Indeed, when the capital of the restored kingdom was moved downstream and a new city built at Bangkok, there was a conscious attempt to recreate the urban template and architectural form of Ayutthaya. Many of the surviving architects and builders from Ayutthaya were brought in to work on building the new capital. This pattern of urban replication is in keeping with the urban planning concept in which cities of the world consciously try to emulate the perfection of the mythical city of Ayodhaya. In Thai, the official name for the new capital at Bangkok retains “Ayutthaya” as part of its formal title.
Criterion (iii): The Historic City of Ayutthaya bears excellent witness to the period of development of a true national Thai art.
Nonthaburi is Thailand’s second largest city, being a part of the Bangkok Metropolitan Region. Due to its close proximity to Bangkok the city is a suburb of the national capital, and is generally considered a part of Greater Bangkok – had it not been for the signposts you’d hardly notice where one ends and the other begins. Officially, however, Nonthaburi is one of the five neighbouring provinces of Bangkok. Covering an area of 622 square kilometres and separated into 2 parts by the Chao Phraya River, Nonthaburi is administratively divided into six districts: Mueang Nonthaburi, Pak Kret, Bang Kruai, Bang Yai, Bang Bua Thong and Sai Noi. The history of Nonthaburi dates back 400 years to the era of Ayutthaya Kingdom. Firstly known as Tambon Ban Talad Khwan, and noted for its fertile soil and plentiful water where a lot of orchards nest alongside the Chao Phraya River, this tambon was… [read more].
Bangkok is the capital and largest city of Thailand and, with a population of over eleven million inhabitants, by far its main city. Its high-rise buildings, heavy traffic congestion, intense heat and naughty nightlife do not immediately give you a warm welcome — but don’t let your first impression mislead you. It is one of Asia’s most cosmopolitan cities with magnificent temples and palaces, authentic canals, busy markets and a vibrant nightlife that has something for everyone. For years, it was only a small trading post at the banks of the Chao Phraya River, until King Rama I, the first monarch of the present Chakri dynasty, turned it into the capital of Siam in 1782, after the burning of Ayutthaya by Burmese invaders. Since then, Bangkok has turned into a national treasure house and functions as Thailand’s spiritual, cultural, political, commercial, educational and diplomatic centre. Bangkok is a huge and modern… [read more].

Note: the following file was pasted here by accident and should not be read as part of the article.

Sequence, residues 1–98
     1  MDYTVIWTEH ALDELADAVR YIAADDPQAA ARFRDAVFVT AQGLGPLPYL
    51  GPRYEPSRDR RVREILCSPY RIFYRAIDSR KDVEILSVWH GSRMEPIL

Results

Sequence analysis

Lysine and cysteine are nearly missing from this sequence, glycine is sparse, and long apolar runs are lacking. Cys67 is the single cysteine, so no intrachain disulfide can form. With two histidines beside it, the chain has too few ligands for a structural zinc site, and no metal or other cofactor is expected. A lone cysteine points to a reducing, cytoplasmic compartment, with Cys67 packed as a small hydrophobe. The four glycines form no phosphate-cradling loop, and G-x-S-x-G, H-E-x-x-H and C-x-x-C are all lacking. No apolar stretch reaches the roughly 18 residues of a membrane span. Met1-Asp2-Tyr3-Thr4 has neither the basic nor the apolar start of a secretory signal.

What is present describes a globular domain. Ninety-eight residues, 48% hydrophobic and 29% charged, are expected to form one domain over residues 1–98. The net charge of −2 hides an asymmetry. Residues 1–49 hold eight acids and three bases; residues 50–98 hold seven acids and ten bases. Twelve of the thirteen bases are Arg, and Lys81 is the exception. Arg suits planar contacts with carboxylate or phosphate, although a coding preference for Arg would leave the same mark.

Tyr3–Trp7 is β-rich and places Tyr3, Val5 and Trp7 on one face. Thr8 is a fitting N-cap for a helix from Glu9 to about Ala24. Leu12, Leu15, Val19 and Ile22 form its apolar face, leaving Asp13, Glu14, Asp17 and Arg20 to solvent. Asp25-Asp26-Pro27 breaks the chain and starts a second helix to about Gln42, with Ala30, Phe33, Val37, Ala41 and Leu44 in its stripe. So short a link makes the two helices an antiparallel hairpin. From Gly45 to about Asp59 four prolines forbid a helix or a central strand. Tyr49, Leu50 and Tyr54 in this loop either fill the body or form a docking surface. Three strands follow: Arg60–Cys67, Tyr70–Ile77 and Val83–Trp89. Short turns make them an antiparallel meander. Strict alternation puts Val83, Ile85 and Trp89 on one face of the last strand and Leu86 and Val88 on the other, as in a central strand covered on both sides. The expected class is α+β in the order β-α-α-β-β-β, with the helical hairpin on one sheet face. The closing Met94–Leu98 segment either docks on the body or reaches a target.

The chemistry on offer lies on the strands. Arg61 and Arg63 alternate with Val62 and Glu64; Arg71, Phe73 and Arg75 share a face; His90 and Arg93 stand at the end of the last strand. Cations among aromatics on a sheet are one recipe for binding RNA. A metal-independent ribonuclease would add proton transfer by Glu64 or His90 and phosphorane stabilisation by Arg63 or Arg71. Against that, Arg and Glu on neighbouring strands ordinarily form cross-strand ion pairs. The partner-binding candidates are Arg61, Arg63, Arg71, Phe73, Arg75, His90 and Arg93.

Pak Kret is a city (thesaban nakhon) in Nonthaburi Province, Thailand. It lies in the Central Thai plains on the east bank of the lower Chao Phraya River, bordering Bangkok to the east, Nonthaburi City to the south, and Pathum Thani Province to the north. It is part of the Bangkok Metropolitan Region megalopolis. With a registered population of 190,272, Pak Kret is the third most populous city (nakon) in Thailand. The Pak Kret area has been inhabited since at least the 18th century, under the rule of the Ayutthaya Kingdom. The portion of the Chao Phraya River to the west of Pak Kret city centre was excavated c. 1721–1722 to bypass a bend in the river, forming the island of Ko Kret. The settlements on the bank of the bypass canal and at its mouth became known as Ban Tret Noi and Ban Pak Tret Noi, meaning ‘village on the… [read more].